Wednesday, 24 November 2010

On Mopeds

In 2005 as I wandered, faintly bemused from the Bath and West Showground after a bike show, I held in my sweaty little paw a scrap of paper which apparently proved I was the new owner of a dog eared Gilera DNA 125 motorcycle.
And fine little machine it was too, as I discovered while hacking it back home over the Mendips.
It was only when I got home and photographed it, as I always do these days when I get a new vehicle, that I started to count up the number of motor vehicles I had owned since I first hit the road in 1977.
At that point I had had 57 motor vehicles. The number is now 62.
That's two and a half a year. And they haven't been normal motor vehicles.
There were Dutch mopeds, Polish cars, French vans, East German motorcycles and too many Hondas. All had a personality of their own and all of them were hacked unmercifully round country lanes, mostly in the south west.
Most of them were also held together with baling twine, chewing gum and bent wire.

My first passion was for motorcycles and it was all my stepmum's fault. I was a 15-year-old spotty herbert living on the outskirts of Glasgow, and oneday she announced that we were to move house, to Northamptonshire. After years of good of public transport we were to live in a little village where they had one bus a week.
On a sunday afternoon a few weeks later, she produced an Observer colour supplement with an advert for Honda Mopeds it it. You met the nicest people on a Honda.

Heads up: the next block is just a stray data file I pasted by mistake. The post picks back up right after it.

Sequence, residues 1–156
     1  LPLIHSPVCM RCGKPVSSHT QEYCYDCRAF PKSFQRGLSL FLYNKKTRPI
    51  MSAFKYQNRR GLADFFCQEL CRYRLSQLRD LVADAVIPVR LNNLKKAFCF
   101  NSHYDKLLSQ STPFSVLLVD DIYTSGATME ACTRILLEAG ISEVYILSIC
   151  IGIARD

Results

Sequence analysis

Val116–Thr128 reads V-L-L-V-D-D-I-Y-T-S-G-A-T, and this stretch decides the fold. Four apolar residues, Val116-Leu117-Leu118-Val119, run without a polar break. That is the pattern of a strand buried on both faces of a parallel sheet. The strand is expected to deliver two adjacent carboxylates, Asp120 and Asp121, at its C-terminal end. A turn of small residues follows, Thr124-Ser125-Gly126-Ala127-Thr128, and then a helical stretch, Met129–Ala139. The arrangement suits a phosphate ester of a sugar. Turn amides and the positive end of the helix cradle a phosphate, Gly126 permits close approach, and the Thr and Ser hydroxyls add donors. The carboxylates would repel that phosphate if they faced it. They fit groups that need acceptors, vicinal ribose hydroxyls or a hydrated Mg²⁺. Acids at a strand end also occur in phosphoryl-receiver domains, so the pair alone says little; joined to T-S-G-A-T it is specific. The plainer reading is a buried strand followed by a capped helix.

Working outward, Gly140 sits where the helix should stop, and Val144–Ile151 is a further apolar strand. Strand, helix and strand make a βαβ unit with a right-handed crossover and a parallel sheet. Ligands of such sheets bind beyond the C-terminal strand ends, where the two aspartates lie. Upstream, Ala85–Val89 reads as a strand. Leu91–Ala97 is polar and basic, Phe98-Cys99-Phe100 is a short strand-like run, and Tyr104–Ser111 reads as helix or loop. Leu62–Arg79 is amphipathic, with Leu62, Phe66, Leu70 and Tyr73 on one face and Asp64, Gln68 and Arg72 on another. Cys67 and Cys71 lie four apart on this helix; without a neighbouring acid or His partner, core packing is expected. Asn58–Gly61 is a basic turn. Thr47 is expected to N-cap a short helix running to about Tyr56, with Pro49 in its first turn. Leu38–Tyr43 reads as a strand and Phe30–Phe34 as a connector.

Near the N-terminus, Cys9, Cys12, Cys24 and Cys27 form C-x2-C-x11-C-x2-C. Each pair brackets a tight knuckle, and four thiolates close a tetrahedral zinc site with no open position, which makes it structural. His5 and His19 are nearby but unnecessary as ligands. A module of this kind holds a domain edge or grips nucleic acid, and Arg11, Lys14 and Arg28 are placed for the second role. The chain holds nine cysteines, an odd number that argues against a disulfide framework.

"Don't worry," she said, "We'll get you a little moped when you are 16, so you can get about, and then you can have a Mini or something when you're 17."
The idea of owning a moped was something I had never considered, but within a fortnight my bedroom floor was awash with glossy brochures and motorcycle magazines and could tell you the power output and top speed of every sports moped on the market.
I wanted a Fantic GT - allegedly the fastest moped you could buy, which could crack 60 mph downhill with a following wind. Either that or a Yamaha FS1E.
But as I wasn't the one paying for it, I got a Batavus HS50.
This amazing piece of Dutch engineering - which is not a phrase in common parlance, the Dutch being more famous for cheese, tulips and cannabis -  would just make 35 mph with its one gear engine, bicycle tyres and the strangest suspension system ever. The swinging arm was fixed and the frame moved up and down. And the front forks were fitted with biro springs. I crashed it on a fortnightly basis, getting through plastic headlights so regularly that the dealers started buying them by the half-dozen for me.
I rode it everywhere - touring East Anglia and visiting a girlfriend in Bournemouth on it.
After a year of thrashing it into the ground It was pretty much worn out, and the bug had bitten - My stepmum could keep her Mini, I needed a proper motorbike and a leather jacket, and that was that.

Next time: How to destruction test an MZ150

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